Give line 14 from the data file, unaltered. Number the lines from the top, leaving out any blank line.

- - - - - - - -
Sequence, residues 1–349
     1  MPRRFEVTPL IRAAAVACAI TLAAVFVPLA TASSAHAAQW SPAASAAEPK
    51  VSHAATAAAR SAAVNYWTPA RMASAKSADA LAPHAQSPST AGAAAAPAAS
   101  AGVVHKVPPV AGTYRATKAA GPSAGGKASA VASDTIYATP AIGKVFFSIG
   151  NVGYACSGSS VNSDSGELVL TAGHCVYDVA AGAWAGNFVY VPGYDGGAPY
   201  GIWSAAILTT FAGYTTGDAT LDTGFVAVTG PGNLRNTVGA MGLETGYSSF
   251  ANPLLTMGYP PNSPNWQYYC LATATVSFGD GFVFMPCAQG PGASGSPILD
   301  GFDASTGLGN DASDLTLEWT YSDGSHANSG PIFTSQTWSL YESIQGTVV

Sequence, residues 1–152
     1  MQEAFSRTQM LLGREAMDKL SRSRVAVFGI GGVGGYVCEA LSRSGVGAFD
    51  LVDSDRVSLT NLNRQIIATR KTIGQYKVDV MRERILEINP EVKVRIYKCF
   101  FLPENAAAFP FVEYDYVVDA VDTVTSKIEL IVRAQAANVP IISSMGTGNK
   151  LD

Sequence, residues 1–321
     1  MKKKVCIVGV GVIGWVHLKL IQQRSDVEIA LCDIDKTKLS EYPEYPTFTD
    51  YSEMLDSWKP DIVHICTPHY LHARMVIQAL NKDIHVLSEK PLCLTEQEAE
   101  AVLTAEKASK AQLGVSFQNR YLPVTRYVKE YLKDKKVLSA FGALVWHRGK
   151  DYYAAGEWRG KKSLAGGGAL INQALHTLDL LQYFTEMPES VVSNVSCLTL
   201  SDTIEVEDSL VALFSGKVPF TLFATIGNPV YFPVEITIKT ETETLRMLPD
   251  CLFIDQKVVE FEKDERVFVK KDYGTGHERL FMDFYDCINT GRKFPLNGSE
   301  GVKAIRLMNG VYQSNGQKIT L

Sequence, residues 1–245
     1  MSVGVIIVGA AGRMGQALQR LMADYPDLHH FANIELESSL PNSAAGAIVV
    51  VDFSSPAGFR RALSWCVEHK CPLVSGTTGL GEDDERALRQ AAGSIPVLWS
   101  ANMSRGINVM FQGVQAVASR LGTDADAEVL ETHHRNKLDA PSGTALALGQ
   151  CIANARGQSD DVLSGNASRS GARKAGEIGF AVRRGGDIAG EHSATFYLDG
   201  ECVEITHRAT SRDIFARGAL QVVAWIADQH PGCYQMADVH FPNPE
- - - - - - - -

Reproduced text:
Sequence, residues 1–321